« Reply #8 on: March 24, 2020, 01:31:59 AM »
I've seen a rather large number of social media posts in left-leaning places arguing that companies that have bought back many shares in the past few years shouldn't be bailed out. Notably absent in these arguments is the idea that dividend-paying companies should be similarly disqualified from bailouts. Why is that? If a company's choice to distribute cash to shareholders in good years should disqualify them from a bailout in bad years, what difference does it make whether they chose to distribute cash in a way that would reduce the number of shares, or in a way that would reduce the value of each share?

Buybacks are essentially a tax dodge. So like the GFC we are making arguments about privatised profits and socialised losses.

That is not my own reason for disliking buybacks. My beef with them is that they are a form of financial engineering. They seemingly raise company earnings per share without actually raising the productive capacity of the company or, when taken as a whole, the productive capacity of the economy.. that is why the stock market can appear to outgrow the real economy by so much, because this wizardry suggests company are continuing to grow earnings even if they are in reality flat.

Stimpy

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Re: Buybacks will now be seen for the self-serving folly they are
« Reply #9 on: March 24, 2020, 09:12:56 AM »
My beef with them is that they are a form of financial engineering. They seemingly raise company earnings per share without actually raising the productive capacity of the company or, when taken as a whole, the productive capacity of the economy.. that is why the stock market can appear to outgrow the real economy by so much, because this wizardry suggests company are continuing to grow earnings even if they are in reality flat.

They absolutely are.  I can only hope those companies that do, do a bailout are not allowed to do buybacks for at least a few years.  Heck no direct shareholder compensation would be grand!  (ie No buybacks, no dividends, and I love my dividends, but if they are getting a bailout, then the company is in trouble thus....  the reward is the company continues and will eventually give compensation to the shareholders in the "far" future.)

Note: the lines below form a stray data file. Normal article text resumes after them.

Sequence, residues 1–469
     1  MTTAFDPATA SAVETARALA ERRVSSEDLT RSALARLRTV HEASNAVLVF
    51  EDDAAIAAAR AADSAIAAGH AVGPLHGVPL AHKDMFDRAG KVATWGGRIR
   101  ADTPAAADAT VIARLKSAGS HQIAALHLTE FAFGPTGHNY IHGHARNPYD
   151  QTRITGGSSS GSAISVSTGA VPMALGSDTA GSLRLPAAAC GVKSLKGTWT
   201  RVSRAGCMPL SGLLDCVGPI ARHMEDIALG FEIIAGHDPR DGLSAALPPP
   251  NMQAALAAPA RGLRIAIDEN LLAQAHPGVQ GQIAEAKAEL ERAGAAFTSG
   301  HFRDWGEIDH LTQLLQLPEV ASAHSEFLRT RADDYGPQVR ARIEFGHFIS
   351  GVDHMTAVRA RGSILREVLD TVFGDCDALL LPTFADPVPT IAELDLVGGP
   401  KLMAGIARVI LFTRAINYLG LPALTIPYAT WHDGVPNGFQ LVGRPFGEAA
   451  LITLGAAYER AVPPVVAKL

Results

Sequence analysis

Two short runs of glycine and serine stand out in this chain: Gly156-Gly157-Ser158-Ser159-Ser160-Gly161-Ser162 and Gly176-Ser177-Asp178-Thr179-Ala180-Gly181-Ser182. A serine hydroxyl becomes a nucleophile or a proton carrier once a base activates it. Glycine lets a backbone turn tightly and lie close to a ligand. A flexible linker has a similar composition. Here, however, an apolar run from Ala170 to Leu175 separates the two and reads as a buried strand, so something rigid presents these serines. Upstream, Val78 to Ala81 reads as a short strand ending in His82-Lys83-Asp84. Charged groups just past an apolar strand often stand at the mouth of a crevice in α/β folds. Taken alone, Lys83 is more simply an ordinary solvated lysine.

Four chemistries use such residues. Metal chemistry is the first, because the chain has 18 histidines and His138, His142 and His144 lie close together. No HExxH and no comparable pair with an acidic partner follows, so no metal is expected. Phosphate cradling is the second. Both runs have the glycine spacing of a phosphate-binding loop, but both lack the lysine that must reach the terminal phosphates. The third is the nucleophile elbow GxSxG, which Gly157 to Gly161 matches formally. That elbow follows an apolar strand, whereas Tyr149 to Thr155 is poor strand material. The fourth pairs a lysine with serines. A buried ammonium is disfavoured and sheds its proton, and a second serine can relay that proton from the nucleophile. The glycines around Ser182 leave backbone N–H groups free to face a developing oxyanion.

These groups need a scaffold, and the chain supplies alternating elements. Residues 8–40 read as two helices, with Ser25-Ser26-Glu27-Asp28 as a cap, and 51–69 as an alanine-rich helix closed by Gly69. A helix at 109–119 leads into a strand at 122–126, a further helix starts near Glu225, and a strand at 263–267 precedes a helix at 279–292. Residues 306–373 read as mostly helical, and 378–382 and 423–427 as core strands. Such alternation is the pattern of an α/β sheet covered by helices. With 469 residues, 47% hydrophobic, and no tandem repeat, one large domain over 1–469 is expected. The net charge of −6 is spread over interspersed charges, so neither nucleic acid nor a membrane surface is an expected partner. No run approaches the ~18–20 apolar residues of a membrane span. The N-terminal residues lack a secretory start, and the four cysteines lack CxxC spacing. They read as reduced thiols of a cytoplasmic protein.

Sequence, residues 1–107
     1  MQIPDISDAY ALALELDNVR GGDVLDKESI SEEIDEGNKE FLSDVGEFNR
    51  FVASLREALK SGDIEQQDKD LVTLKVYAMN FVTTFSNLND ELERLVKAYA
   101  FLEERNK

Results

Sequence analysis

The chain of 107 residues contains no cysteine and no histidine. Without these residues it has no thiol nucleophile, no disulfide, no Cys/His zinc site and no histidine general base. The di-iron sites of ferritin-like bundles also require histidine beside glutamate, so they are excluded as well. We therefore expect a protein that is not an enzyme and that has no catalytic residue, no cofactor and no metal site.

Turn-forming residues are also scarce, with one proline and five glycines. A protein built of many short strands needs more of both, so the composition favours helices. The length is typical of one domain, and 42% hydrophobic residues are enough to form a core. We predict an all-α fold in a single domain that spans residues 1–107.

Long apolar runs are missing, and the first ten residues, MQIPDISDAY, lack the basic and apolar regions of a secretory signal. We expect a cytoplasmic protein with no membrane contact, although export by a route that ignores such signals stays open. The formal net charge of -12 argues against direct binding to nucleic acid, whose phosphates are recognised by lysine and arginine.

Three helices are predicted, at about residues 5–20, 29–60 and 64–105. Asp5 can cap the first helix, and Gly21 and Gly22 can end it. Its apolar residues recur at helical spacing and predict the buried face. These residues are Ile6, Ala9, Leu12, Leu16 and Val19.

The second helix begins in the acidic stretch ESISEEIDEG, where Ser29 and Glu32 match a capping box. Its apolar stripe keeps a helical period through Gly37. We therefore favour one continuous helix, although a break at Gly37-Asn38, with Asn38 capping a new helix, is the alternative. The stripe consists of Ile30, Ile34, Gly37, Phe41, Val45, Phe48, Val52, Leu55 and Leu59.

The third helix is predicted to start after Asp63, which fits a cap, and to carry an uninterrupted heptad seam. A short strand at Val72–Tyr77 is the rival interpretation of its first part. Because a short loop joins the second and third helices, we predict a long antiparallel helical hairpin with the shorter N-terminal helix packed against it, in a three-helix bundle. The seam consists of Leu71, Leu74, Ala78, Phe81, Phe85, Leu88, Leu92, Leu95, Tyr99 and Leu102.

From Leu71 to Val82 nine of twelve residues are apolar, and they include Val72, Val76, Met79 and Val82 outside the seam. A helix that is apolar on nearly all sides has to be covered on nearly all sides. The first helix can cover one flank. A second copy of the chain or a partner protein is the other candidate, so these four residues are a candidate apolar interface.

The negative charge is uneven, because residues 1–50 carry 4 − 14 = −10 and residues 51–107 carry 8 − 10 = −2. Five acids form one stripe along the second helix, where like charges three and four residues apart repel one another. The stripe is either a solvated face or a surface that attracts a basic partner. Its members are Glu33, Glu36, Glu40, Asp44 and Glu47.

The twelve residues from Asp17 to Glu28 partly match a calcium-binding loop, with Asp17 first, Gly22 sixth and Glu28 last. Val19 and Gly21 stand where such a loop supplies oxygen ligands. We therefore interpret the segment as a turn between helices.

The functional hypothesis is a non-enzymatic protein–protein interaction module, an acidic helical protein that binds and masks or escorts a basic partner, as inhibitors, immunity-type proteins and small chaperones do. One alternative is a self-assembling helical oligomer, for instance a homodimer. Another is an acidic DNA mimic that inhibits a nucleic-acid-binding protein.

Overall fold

I just wish people (Left, right, middle and everywhere in between) understood buybacks and dividends more.  I can only hope this gives them a little more understanding with the fact that there will be discussions done on this outside a place where it is normally talked about.

seattlecyclone

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Re: Buybacks will now be seen for the self-serving folly they are
« Reply #10 on: March 24, 2020, 11:21:40 AM »
I've seen a rather large number of social media posts in left-leaning places arguing that companies that have bought back many shares in the past few years shouldn't be bailed out. Notably absent in these arguments is the idea that dividend-paying companies should be similarly disqualified from bailouts. Why is that? If a company's choice to distribute cash to shareholders in good years should disqualify them from a bailout in bad years, what difference does it make whether they chose to distribute cash in a way that would reduce the number of shares, or in a way that would reduce the value of each share?

Buybacks are essentially a tax dodge.

How so?

I understand the differences in taxation on the shareholder side, at least in the US. With a buyback the only people taxed right away are those who sold their shares back to the company. They have to pay capital gains tax, but they were going to sell anyway so there's no difference for them whether the company buys those shares or someone else buys them. For everyone else the value stays locked up in their shares until they eventually sell and are taxed on the gains. Compare that to a dividend where the shareholder is taxed immediately but has a corresponding reduction in the value of their shares (and eventual capital gains tax). A buyback is not really a reduction in the amount of income realized by the taxpayer compared to a dividend, but it does shift the timing of that income into the future and give the investor more control over when that income is realized.